The C$40 billion LNG Canada export project on the country's west coast landed a highly anticipated final investment decision from its joint venture investors, kicking off the next wave of natural gas liquefaction and export plants in North America.
Following years of delay, the final investment decision, or FID, for the Royal Dutch Shell PLC-led project was the first in five years for a large LNG export terminal anywhere in the world that would be built from the ground-up instead of adapted from an existing terminal, and the first such decision for a Canadian LNG export proposal, according to the research firm Wood Mackenzie.
Days prior to the FID, the project received internal approvals from two Asian partners, PetroChina Co. Ltd. and Korea Gas Corp. The joint venture participants, which also include Malaysia's Petroliam Nasional Bhd. and Japan's Mitsubishi Corp., will provide natural gas supply and individually offtake and market their share of LNG, according to an Oct. 1 news release. First LNG from the facility is expected before the middle of the next decade.
The FID was previously scheduled for the end of 2016, but postponed amid capital constraints and unfavorable market conditions. LNG Canada has since "improved its competitiveness, reduced execution uncertainty and gained significant stakeholder support," said Maarten Wetselaar, integrated gas and new energies director at Shell.
Analysts said the LNG Canada decision might signal the return of investments in multi-billion-dollar gas export projects, which are expected to be needed avoid a supply shortage next decade. Shell has been among the most vocal in a chorus warning of a coming LNG supply shortage. Citing factors such as global GDP growth, urbanization, and policies to clean up air and curb carbon emissions, Shell projected LNG demand will double by 2035.
"The supply gap is expected to open up in the first half of the next decade," Wetselaar said during an Oct. 2 conference call. "And LNG Canada is well placed to be a competitive new supply source to fill that demand."
Sanford C. Bernstein & Co. LLC analysts said in a research note that the announcement "is the start of a major LNG investment wave, and Shell will be at the winning end with 25% LNG market share."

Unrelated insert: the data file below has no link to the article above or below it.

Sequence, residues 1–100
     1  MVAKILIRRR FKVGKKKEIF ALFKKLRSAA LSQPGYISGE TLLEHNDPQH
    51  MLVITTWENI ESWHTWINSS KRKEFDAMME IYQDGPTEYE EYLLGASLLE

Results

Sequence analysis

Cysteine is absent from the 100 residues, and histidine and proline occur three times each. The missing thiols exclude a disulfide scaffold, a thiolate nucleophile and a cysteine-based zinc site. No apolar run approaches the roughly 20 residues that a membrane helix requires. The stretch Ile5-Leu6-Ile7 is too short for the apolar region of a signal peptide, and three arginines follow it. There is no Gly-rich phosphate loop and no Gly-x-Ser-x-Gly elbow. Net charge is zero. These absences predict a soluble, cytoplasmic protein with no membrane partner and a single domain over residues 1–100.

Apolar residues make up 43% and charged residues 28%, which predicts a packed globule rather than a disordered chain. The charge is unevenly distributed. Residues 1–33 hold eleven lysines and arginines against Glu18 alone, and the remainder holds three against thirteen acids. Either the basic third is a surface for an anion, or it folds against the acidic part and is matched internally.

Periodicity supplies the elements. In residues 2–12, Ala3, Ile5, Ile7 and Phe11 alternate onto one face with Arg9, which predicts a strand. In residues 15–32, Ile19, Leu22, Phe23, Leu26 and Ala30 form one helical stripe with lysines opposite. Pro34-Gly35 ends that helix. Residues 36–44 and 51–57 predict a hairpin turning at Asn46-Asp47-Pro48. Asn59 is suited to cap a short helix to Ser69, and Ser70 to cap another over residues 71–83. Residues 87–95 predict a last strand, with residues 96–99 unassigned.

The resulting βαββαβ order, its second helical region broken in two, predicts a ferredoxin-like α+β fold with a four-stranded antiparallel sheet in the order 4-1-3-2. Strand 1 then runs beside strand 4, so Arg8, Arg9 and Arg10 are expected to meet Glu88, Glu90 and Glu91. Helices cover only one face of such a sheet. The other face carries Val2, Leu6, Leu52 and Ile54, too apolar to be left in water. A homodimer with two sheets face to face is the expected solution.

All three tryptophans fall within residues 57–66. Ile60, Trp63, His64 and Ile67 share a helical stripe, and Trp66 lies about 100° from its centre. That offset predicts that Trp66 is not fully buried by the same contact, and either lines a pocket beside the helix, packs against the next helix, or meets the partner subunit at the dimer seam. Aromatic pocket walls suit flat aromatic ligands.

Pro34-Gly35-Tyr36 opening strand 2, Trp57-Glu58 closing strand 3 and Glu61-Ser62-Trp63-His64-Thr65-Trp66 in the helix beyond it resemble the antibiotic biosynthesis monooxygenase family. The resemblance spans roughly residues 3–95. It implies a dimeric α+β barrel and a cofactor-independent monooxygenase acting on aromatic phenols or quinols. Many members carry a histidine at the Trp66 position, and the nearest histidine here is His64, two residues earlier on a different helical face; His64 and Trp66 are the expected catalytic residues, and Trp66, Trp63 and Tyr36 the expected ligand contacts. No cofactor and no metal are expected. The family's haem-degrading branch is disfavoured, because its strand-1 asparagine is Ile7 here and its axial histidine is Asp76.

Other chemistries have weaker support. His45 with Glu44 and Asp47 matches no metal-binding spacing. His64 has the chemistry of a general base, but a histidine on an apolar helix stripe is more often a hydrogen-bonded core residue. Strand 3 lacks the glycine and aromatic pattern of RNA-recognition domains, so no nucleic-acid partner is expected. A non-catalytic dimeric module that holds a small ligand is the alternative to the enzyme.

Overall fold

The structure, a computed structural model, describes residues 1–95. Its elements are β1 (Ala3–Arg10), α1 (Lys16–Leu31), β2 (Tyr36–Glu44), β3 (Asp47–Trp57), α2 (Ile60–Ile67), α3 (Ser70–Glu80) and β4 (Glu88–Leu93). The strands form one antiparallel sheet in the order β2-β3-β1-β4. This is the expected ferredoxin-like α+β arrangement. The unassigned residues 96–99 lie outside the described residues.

Over a dozen other LNG projects have been proposed for western Canada, though several efforts have also been shelved. "Clearly, at some point or another, a lot of companies have thought that western Canada was the place they should be doing business," Nikos Tsafos said in an interview. Tsafos is a senior fellow at the energy and national security program at the Center for Strategic and International Studies in Washington. "Now does this open the gate, or is this a one-off?"
Despite the similarly large-scale Trans Mountain oil pipeline expansion being stopped in its tracks just weeks ago, optimism is high in Canada that LNG Canada will go ahead.
British Columbia's provincial government, First Nations groups and environmental activists appear to have bought into the LNG export idea, although the latter view the C$40 billion project with some trepidation. While variants of all three groups went to court and were successful in having permits for the Trans Mountain project quashed, the response to Shell's decision to move forward with its project has been much more muted.
The British Columbia socialist government's environmental rationale for allowing the massive LNG development is that it will reduce carbon emissions in the Asia-Pacific nations where the fuel may be used to reduce coal-fired power generation. The province will also see its revenue take from massive shale gas fields in the province's northeast soar, it will receive taxes from the project, and all of the project's construction and operations will take place in wilderness areas far from the highly urbanized Lower Mainland.
The response of British Columbia's government showed its preference for the natural gas project over the oil line. "Today's decision by LNG Canada to invest in northern B.C. demonstrates that balancing our economic, environmental and reconciliation priorities is possible," Premier John Horgan said in an Oct. 2 statement. By contrast, Horgan said Aug. 30 that the province joined the appeal of Trans Mountain's permits "to defend British Columbia's interests, and to highlight the risks to the province's environment and economy."